Ohioans currently are allowed to carry openly firearms without a permit. Now a group of Republicans at the Statehouse has renewed efforts to extend the permission to carrying a concealed weapon. That’s right, no permit required. They have proposed similar legislation in the past, and it has fallen short. They sense new momentum this time with the supportive Mike DeWine in the governor’s office.

Approval and then the governor’s signature would be unfortunate. This is legislation goes way too far, leaving behind the arguments gun advocates made in supporting the enactment of the concealed-carry law not that long ago.

House Bill 174 has been dubbed by advocates the “constitutional carry” bill. Yet as the U.S. Supreme Court ruled in establishing an individual right to bear arms for self-protection, that right is not unlimited. Reasonable regulation is allowed. Priority also goes to the safety of others. Which helps explain why police officers oppose such an expansion of concealed carry.

On Monday, Mayor Dan Horrigan, the Akron City Council, the Fraternal Order of Police and others at City Hall expressed their opposition to the legislation. The bill would permit anyone age 21 or older to carry a concealed gun as long as they are not barred by federal law because of a felony conviction or other offense from obtaining a firearm. What especially troubles city and police officials is the provision repealing the requirement that when stopped, concealed-carry owners must notify police officers they are carrying a gun.

As Frank Williams, the president of the Akron police union, put it, “It just makes it so much safer for everybody concerned if we know that someone is carrying a gun.” For starters, misunderstandings are less likely to turn deadly.

When the state set up concealed carry, it required a gun owner to gain a permit from a county sheriff, pass a criminal background check and complete 12 hours of training. Since then, the training hours have been reduced to eight. Now the permit and the training would be eliminated. What happened to the argument of gun-rights advocates that such requirements would help to ensure concealed carry just went to responsible gun owners?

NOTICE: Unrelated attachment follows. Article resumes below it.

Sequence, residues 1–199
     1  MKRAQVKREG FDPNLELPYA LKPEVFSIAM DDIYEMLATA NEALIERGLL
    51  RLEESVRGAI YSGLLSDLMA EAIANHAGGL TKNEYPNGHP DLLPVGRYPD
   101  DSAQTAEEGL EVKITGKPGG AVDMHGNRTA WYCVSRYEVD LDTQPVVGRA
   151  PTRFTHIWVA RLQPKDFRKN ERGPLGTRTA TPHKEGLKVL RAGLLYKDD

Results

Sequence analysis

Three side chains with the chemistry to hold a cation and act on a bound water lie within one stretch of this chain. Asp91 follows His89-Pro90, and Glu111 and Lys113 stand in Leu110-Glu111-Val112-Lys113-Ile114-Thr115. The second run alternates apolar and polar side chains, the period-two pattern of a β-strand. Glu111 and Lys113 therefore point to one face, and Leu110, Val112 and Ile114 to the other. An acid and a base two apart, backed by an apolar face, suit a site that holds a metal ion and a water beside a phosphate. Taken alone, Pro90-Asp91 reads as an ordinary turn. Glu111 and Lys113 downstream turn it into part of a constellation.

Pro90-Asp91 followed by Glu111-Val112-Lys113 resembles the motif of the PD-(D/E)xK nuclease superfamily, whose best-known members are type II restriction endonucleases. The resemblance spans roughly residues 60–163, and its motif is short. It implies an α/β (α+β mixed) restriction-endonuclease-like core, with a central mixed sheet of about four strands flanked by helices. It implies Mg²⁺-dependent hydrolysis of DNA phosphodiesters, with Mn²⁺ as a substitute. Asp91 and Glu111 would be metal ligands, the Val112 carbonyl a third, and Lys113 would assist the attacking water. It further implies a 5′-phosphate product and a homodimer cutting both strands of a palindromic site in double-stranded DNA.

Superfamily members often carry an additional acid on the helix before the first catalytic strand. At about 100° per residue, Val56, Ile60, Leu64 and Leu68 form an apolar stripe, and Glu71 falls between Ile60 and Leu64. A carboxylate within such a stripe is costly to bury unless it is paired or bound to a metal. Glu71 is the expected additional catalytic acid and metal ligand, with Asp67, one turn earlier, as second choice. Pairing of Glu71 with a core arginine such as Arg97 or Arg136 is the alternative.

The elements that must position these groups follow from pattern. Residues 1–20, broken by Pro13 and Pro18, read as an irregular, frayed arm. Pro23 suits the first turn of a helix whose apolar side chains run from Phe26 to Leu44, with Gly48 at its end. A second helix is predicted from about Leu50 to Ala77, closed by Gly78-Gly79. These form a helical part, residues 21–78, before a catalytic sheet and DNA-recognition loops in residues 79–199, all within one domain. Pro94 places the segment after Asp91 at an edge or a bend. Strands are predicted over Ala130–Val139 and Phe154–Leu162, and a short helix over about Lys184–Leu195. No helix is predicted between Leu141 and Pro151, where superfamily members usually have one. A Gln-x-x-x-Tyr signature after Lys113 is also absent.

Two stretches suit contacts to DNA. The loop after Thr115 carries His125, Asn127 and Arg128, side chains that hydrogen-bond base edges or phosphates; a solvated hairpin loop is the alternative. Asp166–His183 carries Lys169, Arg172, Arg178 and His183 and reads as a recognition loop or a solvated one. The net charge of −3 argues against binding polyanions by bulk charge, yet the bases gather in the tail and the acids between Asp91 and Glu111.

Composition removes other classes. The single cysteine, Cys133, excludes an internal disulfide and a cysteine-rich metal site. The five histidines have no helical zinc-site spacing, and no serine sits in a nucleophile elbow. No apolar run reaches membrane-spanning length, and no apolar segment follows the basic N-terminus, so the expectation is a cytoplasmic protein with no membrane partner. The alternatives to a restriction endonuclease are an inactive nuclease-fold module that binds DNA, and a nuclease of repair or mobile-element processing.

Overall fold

The proposed legislation would allow concealed rifles and shotguns, too.

This wouldn’t be the first time the Republican majorities have pushed aside such concerns of law enforcement. They did so, for instance, when they expanded the places where concealed carry is allowed. Yet it is not just a matter of ignoring law enforcement. In a study released two years ago, the National Bureau of Economic Research found through sophisticated modeling that violent crime rates are higher today (an estimated 13 percent to 15 percent) than they would have been in the states that have adopted concealed carry.

What police officers know and researchers have confirmed is that the more guns in circulation, the higher the rate of gun violence. That is the result even when current vetting attaches to concealed-carry permits. Now lawmakers want to ease dramatically that regimen? And the governor, a former county prosecutor and state attorney general, stands with them?

It is worth noting that approval would come after lawmakers showed practically no interest in the sensible gun regulations proposed by John Kasich in his final year as governor, including improved reporting to the background check system and a “red flag” provision to keep guns out of the hands of those deemed by the courts to be a threat to themselves or others. The Supreme Court has spoken: There is an individual right to own a gun. What lawmakers continue to miss is the balancing perspective of public safety.